John Cahill, a young birder from Guatemala, is preparing to embark on his second Big Year. We asked John and his father Rob write about John’s Big Year adventures in 2012, and to set the stage for the upcoming year of birding, eBirding, and cloud forest conservation. You can also follow John’s 2014 Big Year on his blog.
2:45AM, January 1, 2012. Laguna del Tigre National Park, Guatemala. One Limpkin calls out from the opposite side of the marsh. The year has begun. John Cahill (age 16) projected 2012 as a Big Year within the geographic limits of Guatemala. John’s goal: 500 species. By the time he hit the sack on the night of January 1, John had identified 127 birds–a great first day!
Three hundred and sixty-six days later: it’s the mid afternoon of December 31, we are driving down a dirt road near Esquipulas, Guatemala.
Over the last year, John has identified 590 species of birds in virtually every corner of Guatemala. He has been on beaches, salt-flats, and estuaries. He hiked up volcanoes, wondered into roadless forests, and walked along deserted desert roads. He has traveled by bus, boat, bike, car, canoe, truck, tuktuk, and hitchhiked. Once John ventured out 50 miles into the Pacific Ocean in search of pelagic birds.
It is now 2:30pm on Dececember 31st. We still have our hit list. But we realize that there are only three more hours of daylight left for the year 2012. Would we have the luck of running into a Great Swallow-tailed Swift? Suddenly a tiny bird lifts off from the road ahead of us. Helicopter-like, it whirls its way up onto a pine branch 20 feet above us. We stop the car quickly and pile out. John makes the call: Chipping Sparrow! A barrage of photos ensues. The Chipping Sparrow is rare in most of Guatemala. This is species #591 and a great addition to his Big Year.
What made this an awesome Big Year?
The first thing to say about that is simply: Guatemala!
It is an amazing country due in large part to its compact biodiversity. In ten minutes you can drive from tropical lowland forest to highland cloud forest. One minute you are hearing Crested Guans and the next you are hearing Highland Guans. Or you can be see Painted Buntings in the morning, Painted Redstarts at noon, and Resplendent Quetzals a half-hour later.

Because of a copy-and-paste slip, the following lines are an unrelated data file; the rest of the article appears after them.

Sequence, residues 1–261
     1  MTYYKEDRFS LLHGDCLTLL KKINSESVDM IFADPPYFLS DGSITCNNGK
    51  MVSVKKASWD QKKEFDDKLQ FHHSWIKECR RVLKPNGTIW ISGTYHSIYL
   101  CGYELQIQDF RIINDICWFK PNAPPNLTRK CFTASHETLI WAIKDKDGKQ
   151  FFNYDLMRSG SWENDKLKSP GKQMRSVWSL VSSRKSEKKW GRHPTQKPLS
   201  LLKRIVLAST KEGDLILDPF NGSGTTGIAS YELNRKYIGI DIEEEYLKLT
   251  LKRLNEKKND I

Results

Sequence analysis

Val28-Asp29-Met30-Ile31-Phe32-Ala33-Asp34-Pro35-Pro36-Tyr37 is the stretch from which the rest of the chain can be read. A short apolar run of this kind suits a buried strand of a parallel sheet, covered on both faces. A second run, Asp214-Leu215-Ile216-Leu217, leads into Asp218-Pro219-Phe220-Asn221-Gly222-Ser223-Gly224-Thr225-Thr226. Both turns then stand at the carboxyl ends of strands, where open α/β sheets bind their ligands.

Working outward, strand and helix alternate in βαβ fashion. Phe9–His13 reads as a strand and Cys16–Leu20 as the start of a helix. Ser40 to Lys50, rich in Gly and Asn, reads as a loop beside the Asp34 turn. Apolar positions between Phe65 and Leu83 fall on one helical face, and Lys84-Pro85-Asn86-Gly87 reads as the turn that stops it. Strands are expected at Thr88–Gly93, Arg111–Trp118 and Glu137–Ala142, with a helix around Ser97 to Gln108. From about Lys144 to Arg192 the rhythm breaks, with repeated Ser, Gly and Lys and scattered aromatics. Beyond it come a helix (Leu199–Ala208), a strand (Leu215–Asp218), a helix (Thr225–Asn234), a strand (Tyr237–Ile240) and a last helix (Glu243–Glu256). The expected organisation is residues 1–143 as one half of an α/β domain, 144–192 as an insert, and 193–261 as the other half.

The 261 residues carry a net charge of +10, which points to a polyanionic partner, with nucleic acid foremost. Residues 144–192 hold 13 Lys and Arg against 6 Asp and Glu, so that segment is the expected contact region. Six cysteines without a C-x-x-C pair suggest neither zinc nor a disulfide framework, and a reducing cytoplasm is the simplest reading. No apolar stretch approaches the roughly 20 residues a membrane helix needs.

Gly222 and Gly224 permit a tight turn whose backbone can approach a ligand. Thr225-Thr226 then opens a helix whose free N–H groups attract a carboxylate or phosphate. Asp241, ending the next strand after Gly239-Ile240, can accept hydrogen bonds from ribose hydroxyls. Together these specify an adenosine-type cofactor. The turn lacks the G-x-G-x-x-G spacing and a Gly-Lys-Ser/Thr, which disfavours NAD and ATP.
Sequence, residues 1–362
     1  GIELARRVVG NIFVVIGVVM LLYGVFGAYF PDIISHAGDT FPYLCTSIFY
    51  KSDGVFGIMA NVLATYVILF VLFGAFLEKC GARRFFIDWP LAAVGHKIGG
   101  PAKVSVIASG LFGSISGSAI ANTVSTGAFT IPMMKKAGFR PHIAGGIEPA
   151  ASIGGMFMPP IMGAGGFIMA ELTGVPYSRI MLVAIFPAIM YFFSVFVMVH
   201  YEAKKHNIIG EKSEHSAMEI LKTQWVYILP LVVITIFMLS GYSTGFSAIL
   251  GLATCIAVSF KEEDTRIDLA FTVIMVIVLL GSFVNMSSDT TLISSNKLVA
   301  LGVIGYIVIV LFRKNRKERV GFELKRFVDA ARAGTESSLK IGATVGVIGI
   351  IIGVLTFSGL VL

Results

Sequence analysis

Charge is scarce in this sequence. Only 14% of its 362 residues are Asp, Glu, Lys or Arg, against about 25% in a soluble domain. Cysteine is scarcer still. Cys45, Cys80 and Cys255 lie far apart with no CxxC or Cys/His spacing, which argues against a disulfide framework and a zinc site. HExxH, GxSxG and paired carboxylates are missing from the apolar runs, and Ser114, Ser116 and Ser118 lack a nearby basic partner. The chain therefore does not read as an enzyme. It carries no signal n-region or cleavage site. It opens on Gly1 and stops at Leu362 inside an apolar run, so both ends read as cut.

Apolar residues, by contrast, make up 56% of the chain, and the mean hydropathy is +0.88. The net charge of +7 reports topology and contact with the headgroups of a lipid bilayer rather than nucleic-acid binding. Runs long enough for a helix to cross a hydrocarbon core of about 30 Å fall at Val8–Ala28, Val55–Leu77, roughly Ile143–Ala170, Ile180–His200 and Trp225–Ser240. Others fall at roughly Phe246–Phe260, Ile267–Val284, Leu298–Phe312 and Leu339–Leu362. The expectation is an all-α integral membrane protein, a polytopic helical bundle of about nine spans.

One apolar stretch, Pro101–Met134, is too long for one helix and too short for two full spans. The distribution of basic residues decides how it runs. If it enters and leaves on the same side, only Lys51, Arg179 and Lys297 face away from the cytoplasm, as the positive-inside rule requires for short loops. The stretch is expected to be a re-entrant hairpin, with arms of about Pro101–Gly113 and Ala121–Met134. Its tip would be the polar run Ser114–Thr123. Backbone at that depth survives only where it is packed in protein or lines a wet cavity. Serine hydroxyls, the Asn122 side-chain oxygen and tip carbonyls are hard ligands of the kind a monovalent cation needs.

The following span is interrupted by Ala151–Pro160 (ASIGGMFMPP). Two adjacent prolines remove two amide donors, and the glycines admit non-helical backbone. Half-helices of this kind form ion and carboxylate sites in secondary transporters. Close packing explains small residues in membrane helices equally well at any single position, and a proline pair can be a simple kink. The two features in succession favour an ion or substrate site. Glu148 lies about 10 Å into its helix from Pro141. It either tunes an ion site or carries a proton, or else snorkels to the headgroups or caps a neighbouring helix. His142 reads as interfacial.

Guatemala brings east and west together during the winter. In Guatemala you can see Hermit Warblers in the same feeding flock as Black-throated Green Warblers. Townsend’s Warblers feed with Golden-winged Warblers. And in the same tree, you can see Western and Eastern Wood-Pewees.
The second thing that made this Big Year amazing was eBird.
John’s older brother made a really cool blog for the Big Year. John just had to upload his checklists into eBird and the blog automatically posted a dot on a map of Guatemala at the location where he had made the list. The species were added into a year list that could be viewed both chronologically and taxonomically. eBird’s amazing flexibility to function as the source of all that data simply boggles the mind.
In 2012, John submitted 1,027 complete checklists and logged an amazing 780.24 hours of eBirding. He also recorded several new species that had never been reported in Guatemala. For example, on October 16 on a sandbar at the Pacific Ocean, John spotted a Bonaparte’s Gull: the first recorded in the country. He carefully photographed the individual and uploaded his photos on the Flicker eBird rarity site. eBird was John’s constant Big Year companion.
Well needless to say, when one turns 17 while finishing a Big Year just nine species short of an impressive 600, one wants to do it again.
So this is it: 2014!
John has several goals besides just identifying a ton of birds.
First, John’s goal is to raise funds for conservation in Guatemala and, specifically, for planting cloud forest tree species in illegally deforested areas in order to help stem the tide of cloud forest loss. In Guatemala, tiny villages and big cities alike depend on the water that comes from the mountain top cloud forests. And tons of birds—both resident and migratory—depend on these forests. Sorry to report it, but these cloud forests are disappearing. John wants to raise the funds needed to plant 50,000 cloud forest trees. Planting all these native trees will also help fight global climate change and restore important habitat in IBA GT007 (an important bird area in Guatemala’s central highlands).
Second, John wants his Big Year to help us understand bird ecology in Guatemala. His goal is to submit even more complete eBird checklists than last year. Every carefully submitted eBird checklist is like putting a piece in a jigsaw puzzle. John wants the information that he is learning about birds in Guatemala to be available to others around the world, and eBird is the tool that makes that happen.
John is also sharing his photos with the Cornell Lab of Ornithology in an exciting new work called the Merlin Project. His photos are being entered into a computer program that will use recognition software to identify birds. He is also sharing his audio recordings with the Macaulay Library. John even added a new species of bird to Macaulay’s massive collection: several great recordings of the Ocellated Quail, an elusive quail species in danger of extinction in Guatemala.
So here’s to Big Year 2014: for conservation and science!
You can follow John’s 2014 Big Year and pledge to protect the cloud forest here.